The Right-Brain 'Art' of Sales vs. the Left-Brain 'Analytic' – Musings on Media from the 'Sell' Side, with Occasional Forays into Music…and Wine
The 19 Revenue Sources For WebSeries Creators
As a WebSeries or WebContent creator, there is much to do: Writing, Directing, Producing. Casting, Lighting, and maybe Acting, too. Often this is done with very few people. Often much of it is done by just yourself.
So, after all of that, to then add on what may be the most important element of all in some ways [the funding or revenue needed to develop or continue your series] is often overwhelming. Daunting, at the very least.
And for the sake of this article, we don’t even really address Social Media. Though it could, and should, play a part interweaving through nearly every segment of what you do for your project. Including this one.
Let me list the 19 sources of revenue, income or funding for a WebSeries / Scripted WebContent project. I’ll break each of these items out in future post’s. Here goes:
Brands [or for some of us, Clients]
Distributors/Producers – Independent Firms
Game Dev/Development Companies
Gov’t Grants/Charitable/Institutional Funding or Support
Networks [Broadcast or Cable]
Private Investors/Venture Capital
Product Placement/Barter Firms
Tax Incentives & Credits
Video Ad Platforms & Content ‘Channels’
Finally, of these last two, one is probably the most common of all the ones listed here, the other is the least desirable by far:
Friends & Family
Credit Cards, Loans & Cash Advances
We have run the gamut here, but that is the point. Some of these work in some ways, not so well in others. Some are inter-related. Some are connected. But they all can lead to revenue, and so are included here.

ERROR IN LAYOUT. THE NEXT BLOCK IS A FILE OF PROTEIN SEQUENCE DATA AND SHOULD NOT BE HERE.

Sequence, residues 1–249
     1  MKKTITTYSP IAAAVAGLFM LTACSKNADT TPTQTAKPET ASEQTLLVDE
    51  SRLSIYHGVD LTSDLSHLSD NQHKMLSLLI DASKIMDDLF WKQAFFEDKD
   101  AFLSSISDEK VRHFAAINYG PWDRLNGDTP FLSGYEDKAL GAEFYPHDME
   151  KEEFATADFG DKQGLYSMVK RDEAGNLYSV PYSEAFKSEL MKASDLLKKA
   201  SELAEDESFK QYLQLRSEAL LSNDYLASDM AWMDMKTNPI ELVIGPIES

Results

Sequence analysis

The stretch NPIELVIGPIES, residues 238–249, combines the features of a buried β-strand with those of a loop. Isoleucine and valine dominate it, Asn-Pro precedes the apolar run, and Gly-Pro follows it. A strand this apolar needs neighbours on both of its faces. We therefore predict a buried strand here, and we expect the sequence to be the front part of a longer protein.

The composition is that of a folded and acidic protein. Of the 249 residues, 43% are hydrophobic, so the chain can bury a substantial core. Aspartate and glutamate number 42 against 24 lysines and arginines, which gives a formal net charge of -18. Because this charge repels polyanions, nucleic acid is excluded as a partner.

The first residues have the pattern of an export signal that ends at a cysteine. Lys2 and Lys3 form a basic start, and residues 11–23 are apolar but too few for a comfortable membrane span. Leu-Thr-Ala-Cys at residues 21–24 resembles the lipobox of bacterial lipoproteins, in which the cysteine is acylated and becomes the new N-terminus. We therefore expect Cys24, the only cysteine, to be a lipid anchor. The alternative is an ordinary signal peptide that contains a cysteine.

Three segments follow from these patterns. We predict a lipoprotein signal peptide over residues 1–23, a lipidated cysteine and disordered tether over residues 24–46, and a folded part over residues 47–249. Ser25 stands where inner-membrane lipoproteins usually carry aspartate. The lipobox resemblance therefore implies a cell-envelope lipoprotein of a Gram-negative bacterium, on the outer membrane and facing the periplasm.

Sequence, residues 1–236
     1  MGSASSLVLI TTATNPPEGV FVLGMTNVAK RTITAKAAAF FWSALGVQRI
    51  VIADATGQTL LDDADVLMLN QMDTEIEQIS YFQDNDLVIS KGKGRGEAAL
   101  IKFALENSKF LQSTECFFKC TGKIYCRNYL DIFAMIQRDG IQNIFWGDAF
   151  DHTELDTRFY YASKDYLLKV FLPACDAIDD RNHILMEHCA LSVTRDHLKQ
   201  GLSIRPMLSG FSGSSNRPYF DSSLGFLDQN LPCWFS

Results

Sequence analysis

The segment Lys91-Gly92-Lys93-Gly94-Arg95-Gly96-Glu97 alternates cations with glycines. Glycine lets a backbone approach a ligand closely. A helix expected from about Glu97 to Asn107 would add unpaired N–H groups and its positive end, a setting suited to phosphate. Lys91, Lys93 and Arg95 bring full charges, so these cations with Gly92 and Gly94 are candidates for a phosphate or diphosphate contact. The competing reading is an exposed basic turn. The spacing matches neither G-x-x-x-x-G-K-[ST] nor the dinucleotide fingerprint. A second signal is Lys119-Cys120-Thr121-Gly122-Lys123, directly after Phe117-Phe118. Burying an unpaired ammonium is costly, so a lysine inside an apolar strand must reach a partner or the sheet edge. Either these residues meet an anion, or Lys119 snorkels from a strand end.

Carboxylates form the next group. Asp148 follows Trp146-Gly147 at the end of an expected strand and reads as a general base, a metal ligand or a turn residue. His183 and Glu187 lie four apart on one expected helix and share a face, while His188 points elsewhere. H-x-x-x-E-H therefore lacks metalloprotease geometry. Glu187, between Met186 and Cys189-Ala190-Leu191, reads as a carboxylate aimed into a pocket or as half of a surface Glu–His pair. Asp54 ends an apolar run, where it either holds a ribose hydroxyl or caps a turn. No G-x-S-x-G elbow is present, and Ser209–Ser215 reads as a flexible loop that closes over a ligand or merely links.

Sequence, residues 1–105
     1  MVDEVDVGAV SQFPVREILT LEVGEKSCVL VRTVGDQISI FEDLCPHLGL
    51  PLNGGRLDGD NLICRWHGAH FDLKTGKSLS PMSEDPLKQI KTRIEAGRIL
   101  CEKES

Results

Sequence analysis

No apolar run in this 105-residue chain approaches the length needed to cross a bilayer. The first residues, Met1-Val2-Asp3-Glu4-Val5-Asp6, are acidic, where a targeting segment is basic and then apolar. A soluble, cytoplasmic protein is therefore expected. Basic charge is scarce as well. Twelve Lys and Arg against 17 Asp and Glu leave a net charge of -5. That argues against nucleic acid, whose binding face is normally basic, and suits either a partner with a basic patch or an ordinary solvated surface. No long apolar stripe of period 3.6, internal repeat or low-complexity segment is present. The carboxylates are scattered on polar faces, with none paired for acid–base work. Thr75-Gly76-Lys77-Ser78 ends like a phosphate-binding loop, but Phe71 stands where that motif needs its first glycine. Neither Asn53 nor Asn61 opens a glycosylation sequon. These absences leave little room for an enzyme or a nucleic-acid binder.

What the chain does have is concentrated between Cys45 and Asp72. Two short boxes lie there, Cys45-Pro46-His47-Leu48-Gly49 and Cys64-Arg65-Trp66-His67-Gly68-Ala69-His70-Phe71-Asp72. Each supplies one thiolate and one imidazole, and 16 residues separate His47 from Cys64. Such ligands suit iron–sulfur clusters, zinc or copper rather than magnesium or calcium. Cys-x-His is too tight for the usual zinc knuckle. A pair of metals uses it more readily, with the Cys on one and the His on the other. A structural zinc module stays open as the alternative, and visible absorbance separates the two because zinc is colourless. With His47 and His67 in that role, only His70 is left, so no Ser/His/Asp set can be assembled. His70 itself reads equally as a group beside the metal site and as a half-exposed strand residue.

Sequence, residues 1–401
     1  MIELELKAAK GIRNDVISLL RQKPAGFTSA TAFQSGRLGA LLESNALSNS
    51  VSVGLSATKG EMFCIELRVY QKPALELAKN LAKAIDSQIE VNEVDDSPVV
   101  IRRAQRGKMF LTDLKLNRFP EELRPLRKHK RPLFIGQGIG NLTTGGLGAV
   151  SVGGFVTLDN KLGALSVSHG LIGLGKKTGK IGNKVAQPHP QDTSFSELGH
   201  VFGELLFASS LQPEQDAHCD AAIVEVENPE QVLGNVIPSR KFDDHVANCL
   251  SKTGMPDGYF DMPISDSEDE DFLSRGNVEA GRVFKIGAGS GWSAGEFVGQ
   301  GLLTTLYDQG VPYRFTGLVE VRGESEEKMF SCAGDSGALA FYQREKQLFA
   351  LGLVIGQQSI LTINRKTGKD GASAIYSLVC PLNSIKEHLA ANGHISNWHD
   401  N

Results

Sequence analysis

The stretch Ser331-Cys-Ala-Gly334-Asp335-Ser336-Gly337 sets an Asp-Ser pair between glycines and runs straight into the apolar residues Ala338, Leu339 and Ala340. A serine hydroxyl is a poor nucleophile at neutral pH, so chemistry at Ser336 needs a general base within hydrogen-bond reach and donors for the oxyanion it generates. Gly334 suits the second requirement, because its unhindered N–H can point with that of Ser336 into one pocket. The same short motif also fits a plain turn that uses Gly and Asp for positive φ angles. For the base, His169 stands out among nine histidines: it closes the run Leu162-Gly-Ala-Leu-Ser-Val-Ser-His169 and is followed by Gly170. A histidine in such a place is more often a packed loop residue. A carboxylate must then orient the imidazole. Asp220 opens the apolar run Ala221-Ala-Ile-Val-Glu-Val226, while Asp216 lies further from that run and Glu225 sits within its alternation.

As I’ve talked about in coursework at WebTVWorkshop, the current state of flux in advertising, Hollywood, and the WebContent movement in 2010 creates both chaos…and opportunity.
In the Broadcast/Movie world, the path to getting ‘greenlit’ in Hollywood is well known, and well worn: you shop your project [through an Agent or a show-runner, if you can] to the Studios, Networks and maybe some Production/ Development companies.
They either buy your project, or you start all over again at the beginning. This of course does not mean any of that is easy, by any stretch. But it is pretty well established.
Not so in the WebContent world, or at least, not entirely so. Not yet.
While there is less money in each of these paths listed above as of now, you also need less money in the web world thus far…and there’s NINETEEN of them here for you to follow on…Nineteen.
We’ll be talking more about what this means soon, and how these translate into use in the real world.
Good luck with your Web Series project!
Note: Special thanks to the many talented people I’ve run across, met, and become friends with, as we all learn & contribute to the development of this nascent new industry, of developing Digital Media Content.